As mobile devices advance every year with new features, the dual cameras most iOS and Android devices come with continue to have better technical specifications. The rear-facing cameras are the ones usually with the best improvements and ones used for photography; while the front-facing camera is used for things like video chat or Instagram. Both are really aimed at different tasks but combined with software, and other additions, a seemingly inferior shot can be made to be state of the art in the right hands.
As these cameras improve, more professionals and turning to them rather than expensive and bulky camera equipment. When you combine today’s HD imagery and video from a smartphone camera with software such as Photoshop that can improve imagery further, you can get very good or professional type of images to showcase for your brand or personal usage.
“Advances in the cell phones as well as the technology housed in the phone and the lenses in the cameras have moved the cell phone camera into the realm in which professional images can be captured,” according to lens assembly retailer Universe Optics. “Today’s camera phones feature megapixels in the double digits, are equipped with optical zoom, red eye features, and the capability to shoot high definition video.”
There are two main technologies present in modern digital photography that are responsible for digital conversions of pixels to output and basically improved image quality. They include CMOS and CCD. Because CCD runs hot or drains battery, most mobile cameras rly on CMOS. Its main disadvantage is that images can appear distorted when taking shots in motion.
Due to such limitations and the limitation of lens sizes as well as hardware that has to fit in a tiny space, many professionals still rely on bulky and expensive external cameras rather than take shots with a mobile device. However, this is slowly changing as the lines get drawn closer between what is possible with DSLR and a mobile device. Another aspect to consider is external lenses that can be attached to a camera and further improve the shot as well as draw a closer line with expensive and professional cameras and what a mobile device is capable of. This is why more and more professionals opt for in-house shots than hire a specific camera person to to the work.
(TechRadar recently did a story on external lenses worth keeping an eye out for in 2019 although it focuses on iOS not Android or other smartphones.)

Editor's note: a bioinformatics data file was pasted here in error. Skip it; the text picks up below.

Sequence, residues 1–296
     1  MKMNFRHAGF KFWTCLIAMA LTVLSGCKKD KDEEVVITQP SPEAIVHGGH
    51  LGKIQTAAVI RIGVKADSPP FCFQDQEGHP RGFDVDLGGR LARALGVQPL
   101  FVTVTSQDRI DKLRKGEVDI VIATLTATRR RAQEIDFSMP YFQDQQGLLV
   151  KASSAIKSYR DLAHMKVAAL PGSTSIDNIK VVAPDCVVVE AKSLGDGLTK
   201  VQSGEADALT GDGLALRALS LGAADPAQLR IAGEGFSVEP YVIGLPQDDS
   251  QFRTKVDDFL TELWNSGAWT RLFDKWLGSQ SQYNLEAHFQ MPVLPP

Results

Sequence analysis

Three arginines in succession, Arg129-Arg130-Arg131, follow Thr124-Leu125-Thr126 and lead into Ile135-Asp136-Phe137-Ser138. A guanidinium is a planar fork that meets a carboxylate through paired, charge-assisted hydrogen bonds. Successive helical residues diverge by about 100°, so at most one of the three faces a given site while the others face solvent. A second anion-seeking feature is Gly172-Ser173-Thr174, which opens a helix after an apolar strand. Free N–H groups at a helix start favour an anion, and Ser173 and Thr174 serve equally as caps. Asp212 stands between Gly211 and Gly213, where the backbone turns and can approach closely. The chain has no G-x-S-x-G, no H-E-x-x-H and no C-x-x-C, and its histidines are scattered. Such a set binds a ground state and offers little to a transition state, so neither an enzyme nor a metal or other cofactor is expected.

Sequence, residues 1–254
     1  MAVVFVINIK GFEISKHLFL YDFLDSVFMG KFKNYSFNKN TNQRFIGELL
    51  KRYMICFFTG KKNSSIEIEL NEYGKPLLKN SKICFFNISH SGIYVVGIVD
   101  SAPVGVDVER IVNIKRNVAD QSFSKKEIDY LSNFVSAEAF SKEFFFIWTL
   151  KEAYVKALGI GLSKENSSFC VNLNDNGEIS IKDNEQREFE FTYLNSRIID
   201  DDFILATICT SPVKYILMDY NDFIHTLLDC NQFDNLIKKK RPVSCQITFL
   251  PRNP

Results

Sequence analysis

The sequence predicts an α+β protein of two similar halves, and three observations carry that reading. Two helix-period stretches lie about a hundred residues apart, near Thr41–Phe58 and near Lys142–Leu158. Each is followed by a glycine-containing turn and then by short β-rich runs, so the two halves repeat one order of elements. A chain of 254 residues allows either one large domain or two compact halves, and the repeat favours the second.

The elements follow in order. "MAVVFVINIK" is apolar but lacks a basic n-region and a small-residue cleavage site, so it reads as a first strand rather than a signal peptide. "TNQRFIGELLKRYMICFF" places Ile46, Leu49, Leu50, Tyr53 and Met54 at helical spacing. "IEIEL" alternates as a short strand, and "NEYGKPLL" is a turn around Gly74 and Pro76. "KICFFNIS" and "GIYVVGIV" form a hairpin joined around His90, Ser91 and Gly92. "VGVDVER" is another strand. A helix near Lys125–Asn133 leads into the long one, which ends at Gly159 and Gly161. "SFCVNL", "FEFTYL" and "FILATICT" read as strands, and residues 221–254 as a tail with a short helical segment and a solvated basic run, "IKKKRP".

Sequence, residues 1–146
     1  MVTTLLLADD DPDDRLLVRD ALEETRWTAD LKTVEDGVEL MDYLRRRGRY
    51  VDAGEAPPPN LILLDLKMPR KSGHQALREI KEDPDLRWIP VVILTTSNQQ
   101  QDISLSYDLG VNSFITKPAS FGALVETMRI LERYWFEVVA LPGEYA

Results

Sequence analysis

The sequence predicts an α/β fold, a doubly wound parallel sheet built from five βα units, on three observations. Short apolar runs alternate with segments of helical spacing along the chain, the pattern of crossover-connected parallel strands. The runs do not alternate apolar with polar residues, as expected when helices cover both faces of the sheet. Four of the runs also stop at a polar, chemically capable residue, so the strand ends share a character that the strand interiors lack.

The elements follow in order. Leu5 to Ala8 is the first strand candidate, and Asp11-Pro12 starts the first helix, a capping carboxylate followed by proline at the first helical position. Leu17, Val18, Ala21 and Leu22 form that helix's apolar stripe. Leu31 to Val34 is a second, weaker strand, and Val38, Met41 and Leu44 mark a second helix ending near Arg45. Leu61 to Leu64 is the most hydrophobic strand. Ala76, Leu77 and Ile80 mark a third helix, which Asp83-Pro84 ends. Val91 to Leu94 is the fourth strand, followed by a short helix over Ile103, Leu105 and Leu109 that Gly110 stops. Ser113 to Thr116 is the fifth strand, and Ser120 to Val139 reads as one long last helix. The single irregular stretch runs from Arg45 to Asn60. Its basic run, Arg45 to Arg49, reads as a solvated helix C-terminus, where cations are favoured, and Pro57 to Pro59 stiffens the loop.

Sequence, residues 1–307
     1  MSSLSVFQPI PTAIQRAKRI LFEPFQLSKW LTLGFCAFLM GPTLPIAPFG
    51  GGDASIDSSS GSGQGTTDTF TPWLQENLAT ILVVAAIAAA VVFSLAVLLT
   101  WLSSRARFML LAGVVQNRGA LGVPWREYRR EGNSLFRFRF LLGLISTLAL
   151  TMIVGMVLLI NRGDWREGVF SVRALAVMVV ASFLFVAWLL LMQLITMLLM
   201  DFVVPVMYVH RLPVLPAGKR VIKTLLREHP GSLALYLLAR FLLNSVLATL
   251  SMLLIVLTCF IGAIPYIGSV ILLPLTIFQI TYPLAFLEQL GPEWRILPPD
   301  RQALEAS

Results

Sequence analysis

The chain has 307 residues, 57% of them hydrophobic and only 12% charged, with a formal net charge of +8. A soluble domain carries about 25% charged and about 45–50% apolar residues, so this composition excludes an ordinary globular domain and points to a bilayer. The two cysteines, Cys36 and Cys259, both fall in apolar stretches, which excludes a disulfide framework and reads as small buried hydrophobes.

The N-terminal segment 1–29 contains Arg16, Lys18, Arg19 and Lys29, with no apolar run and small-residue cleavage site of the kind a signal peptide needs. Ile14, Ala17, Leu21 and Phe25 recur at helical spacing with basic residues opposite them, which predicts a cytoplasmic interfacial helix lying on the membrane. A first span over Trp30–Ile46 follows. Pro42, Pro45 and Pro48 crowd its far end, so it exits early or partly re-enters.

Today’s smartphone technology includes high dynamic range (HDR) photography, the ability and enough storage to take such shots at very high resolutions, the ability to adjust the background blur, anti redeye techniques, different exposure options for say night and day image capture and more. Yes, it is true that an external or a professional digital camera allows for more control of a shot with things like the f-stop/aperture settings and shutter speed being completely modifiable for every shot. However for the most part, the lines are closer than ever and it is through additional software the smartphone can catch up.
Apple’s recent iPhone line has a feature — as describes also more in-depth by BusinessInsider — called SmartHDR, for instance, where nine shots are taken with different exposures and settings and combined into a best overall shot. Yes, it is less control by the user, but the overall experience may be less trial and error and come out similar in the end.
In some fields like real estate, images of properties for sale are paramount for success. A property listing may sound good on paper on a website ad, but if it does not have good imagery showing the home, it will not entice many potential buyers. However, despite this, it is quite possible, and many real estate agents in fact opt for the much quicker method, to take great shots from a mobile devices, fix them up through software and even upload them for potential customers to see all from the fingertips of a touchscreen device.